06/2020 – 12/2020
The German maternity logbook has been introduced in 1961 and obtained primarily positive feedback since. It standardized preventive checkups for pregnant women, information propagation, led to a significant decrease in newborn mortality and increased the interest of expecting mothers in
medical details of their own child [1, 2]. Considering the technological advances in the last 60 years, some people claim the German maternity logbook lags behind current technological possibilities and requires a revision to increase efficiency and effectiveness [1, 3]. Some research effort has already been spent in its digitization, however it primarily focused on technological feasibility, instead of catering more to actual needs of expecting mothers and healthcare professionals [1, 2, 3]. This includes the lack of use for current wearable sensors that allow unobtrusive long-term health-data recording. Such data enable new chances to identify patterns which might allow an early prediction of pregnancy complications . However, this also raises new concerns, as pregnant women might not understand the meaning of the underlying sensor readings. This might lead to increased cyberchondria, which is known to increase health anxiety e.g. by overly pessimistic online-web-search-driven self-diagnoses [5, 6]. Yet, user motivation is a prerequisite for continuous data recording and app usage. It is unclear which motivation and interaction strategy is most suitable for pregnant women handling such data and might involve the development of novel concepts for data obfuscation and interaction.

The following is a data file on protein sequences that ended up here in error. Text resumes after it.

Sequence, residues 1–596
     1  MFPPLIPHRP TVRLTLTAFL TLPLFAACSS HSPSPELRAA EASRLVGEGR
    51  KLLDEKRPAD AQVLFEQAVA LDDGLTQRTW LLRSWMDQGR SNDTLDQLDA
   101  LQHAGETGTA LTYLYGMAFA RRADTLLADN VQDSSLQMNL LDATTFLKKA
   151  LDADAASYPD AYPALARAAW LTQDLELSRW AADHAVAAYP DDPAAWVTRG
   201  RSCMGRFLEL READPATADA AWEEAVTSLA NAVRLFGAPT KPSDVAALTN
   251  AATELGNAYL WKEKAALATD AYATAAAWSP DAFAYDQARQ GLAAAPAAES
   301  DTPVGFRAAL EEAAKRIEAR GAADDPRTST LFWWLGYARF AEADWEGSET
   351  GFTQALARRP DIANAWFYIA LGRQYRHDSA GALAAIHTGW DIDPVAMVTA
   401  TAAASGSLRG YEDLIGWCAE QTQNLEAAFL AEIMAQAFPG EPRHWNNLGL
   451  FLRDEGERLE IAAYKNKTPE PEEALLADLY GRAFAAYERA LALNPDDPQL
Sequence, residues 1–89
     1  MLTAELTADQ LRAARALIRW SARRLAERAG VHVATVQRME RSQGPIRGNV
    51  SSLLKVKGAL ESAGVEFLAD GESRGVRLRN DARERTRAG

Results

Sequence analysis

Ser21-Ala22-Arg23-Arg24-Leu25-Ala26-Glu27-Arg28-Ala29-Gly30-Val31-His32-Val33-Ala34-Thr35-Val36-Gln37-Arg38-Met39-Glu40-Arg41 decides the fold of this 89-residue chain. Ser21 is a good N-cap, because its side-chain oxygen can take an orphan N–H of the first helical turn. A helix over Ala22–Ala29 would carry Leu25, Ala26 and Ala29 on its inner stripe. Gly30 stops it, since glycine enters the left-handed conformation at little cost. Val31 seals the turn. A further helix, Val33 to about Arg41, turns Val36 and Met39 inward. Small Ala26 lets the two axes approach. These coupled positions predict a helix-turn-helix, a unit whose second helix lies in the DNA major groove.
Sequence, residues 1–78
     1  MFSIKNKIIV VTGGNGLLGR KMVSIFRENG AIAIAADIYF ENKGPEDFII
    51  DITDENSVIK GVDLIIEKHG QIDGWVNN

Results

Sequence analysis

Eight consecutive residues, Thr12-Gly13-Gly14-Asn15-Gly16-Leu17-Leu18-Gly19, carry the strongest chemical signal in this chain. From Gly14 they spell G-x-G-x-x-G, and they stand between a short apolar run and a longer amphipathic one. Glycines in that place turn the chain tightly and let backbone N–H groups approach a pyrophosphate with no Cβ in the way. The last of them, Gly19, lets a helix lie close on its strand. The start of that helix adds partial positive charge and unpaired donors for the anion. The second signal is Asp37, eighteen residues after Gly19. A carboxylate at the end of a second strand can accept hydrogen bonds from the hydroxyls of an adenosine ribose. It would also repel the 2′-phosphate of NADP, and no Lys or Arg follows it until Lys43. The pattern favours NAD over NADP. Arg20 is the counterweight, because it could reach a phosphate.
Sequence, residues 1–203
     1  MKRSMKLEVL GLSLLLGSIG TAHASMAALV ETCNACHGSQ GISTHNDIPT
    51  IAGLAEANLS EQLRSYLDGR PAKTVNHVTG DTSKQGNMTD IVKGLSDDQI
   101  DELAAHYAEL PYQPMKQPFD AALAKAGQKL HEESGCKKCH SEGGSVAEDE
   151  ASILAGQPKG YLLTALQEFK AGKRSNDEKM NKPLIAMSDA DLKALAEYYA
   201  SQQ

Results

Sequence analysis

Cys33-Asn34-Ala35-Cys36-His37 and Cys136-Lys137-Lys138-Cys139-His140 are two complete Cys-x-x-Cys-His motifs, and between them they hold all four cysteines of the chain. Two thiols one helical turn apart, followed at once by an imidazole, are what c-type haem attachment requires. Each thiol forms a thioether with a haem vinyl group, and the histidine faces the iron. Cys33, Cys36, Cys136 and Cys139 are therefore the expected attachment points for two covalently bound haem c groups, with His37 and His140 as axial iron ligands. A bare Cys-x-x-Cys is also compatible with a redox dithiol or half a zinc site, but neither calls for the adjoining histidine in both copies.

This thesis therefore aims to identify existing interaction concepts in this field, adapt these for the use-case of a maternity logbook app and review the impact of visualization obfuscation techniques in context of cyberchondria. It should be investigated whether it is possible to adapt
existing app interaction and motivation techniques for the target group of pregnant women. Furthermore, an interaction and data visualisation concept should be researched that minimizes cyberchondria, but does not negatively impact user acceptance and motivation.
 Maul, H., Waller, T., Hoischen, S., Sohn, C.: Der elektronische Mutterpass-Potenzial eines innovativen Konzepts. Frauenarzt 47, 2006, 800-804
 Zimmermann, R., Bloechlinger-Wegmann, B., Kurmanavicius, J.: Der elektronische Mutterpass. Der Gynakologe 4, 2006, 278-282
 San, O.Y., Husain, W.: Maternity data management utilizing cloud computing. 2014 International Conference on Computer and Information Sciences (ICCOINS), 2014, 1-6
 Souza, R.T., Cecatti, J.G., Mayrink, J., et al.: Identification of earlier predictors of pregnancy complications through wearable technologies in a Brazilian multicentre cohort: Maternal Actigraphy Exploratory Study I (MAES-I) study protocol. BMJ Open, 2019
 White, R.W., Horvitz, E.: Experiences with web search on medical concerns and self diagnosis. AMIA annual symposium proceedings, 2009, 696-700
 White, R.W., Horvitz, E.: Cyberchondria: Studies of the Escalation of Medical Concerns in Web Search. ACM Transactions on Information Systems, Vol. 27, No. 4, Article 23, 2009